Now I’m not sure to what extent you could map website analytics onto “store analytics”, but some of the loyalty measures seem familiar to me. Take, for example, the RFV analysis (pp95-6) :

  • Recency – time between visits;
  • Frequency – “how often you shop”
  • Value – how profitable is the customer to the store (if you only buy low margin goods, you aren’t necessarily very profitable), and how valuable is the store to the customer (do you buy your whole food shop there, or only a part of it?).

Working out what data to analyse also had to fit in with the business goals – the analytics needed to be actionable (are you listening, Library folks?!;-). For example, as well as marketing to individuals, Clubcard data was to be used to optimise store inventory (p124). “The dream was to ensure that the entire product range on sale at each store accurately represented, in selection and proportion, what the customers who shopped there wanted to buy.” So another question that needed to be asked was how should data be presented “so that it answered a real business problem? If the data was ‘interesting’, that didn’t cut it. But adding more sales by doing something new – that did.” (p102). Here, the technique of putting data into “bins” meant that it could be aggregated and analysed more efficiently in bulk and without loss of insight.

Returning to the customer focus, Tesco complemented the RFV analysis with the idea of “Loyalty Cube” within which each customer could be placed (pp126-9).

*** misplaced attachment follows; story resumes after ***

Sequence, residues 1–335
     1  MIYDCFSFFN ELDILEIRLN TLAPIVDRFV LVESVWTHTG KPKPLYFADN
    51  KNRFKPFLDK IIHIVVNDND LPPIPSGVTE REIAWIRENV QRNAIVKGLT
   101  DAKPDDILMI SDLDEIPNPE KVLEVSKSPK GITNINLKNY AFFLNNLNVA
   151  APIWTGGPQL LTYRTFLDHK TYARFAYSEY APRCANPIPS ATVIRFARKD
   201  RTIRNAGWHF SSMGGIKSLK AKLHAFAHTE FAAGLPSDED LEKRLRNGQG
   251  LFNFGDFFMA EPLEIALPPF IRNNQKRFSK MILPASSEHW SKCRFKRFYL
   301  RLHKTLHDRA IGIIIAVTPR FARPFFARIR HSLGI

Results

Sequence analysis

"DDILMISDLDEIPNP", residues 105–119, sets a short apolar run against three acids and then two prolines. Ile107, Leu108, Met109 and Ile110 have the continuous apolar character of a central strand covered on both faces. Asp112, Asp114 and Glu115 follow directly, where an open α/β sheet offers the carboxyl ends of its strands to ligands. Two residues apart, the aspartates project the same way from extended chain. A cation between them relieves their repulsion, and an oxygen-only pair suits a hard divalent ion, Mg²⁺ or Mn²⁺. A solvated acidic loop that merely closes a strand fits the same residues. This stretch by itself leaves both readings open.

• Contribution: that is, contribution to the bottom line, the current profitability of the customer;
  • Commitment: future value – “how likely that customer is to remain a customer”, plus “headroom”, the “potential for the customer to be more valuable in the future”. If you buy all your groceries in Tesco, but not your health and beauty products, there’s headroom there;
  • Championing: brand ambassadors; you may be low contribution, low commitment, but if you refer high value friends and family to Tesco, Tesco will like you:-)

By placing individuals in separate areas of this chart, you can tune your marketing to them, either by marketing items that fall squrely within that area, or if you’re feeling particularly aggressive, by trying to move them from through the differnt areas. As ever, it’s contextual relevancy that’s the key.

But what sort of data is required to locate a customer within the loyalty cube? “The conclusion was that the difference between customers existed in each shopper’s trolley: the choices, the brqnds, the preferences, the priorities and the trade-offs in managing a grocery budget.” (p129).

The shopping basket could tel a lot about two dimensions of the loyalty cube. Firstly, it could quantify contribution, simply by looking at the profit margins on the goods each customer chose. Second, by assessing the calories in a shopping basket, it could measure the headroom dimension. Just how much of a customer’s food needs does Tesco provide?

(Do you ever feel like you’re being watched…?;-)

“Products describe People” (p131): one way of categorising shoppers is to cluster them according to the things they buy, and identify relationships between the products that people buy (people who buy this, also tend to buy that). But the same product may have a different value to different people. (Thinking about this in terms of the OU Course Profiles app, I guess it’s like clustering people based on the similar courses they have chosen. And even there, different values apply. For example, I might dip into the OU web services course (T320) out of general interest, you might take it because it’s a key part of your professional development, and required for your next promotion).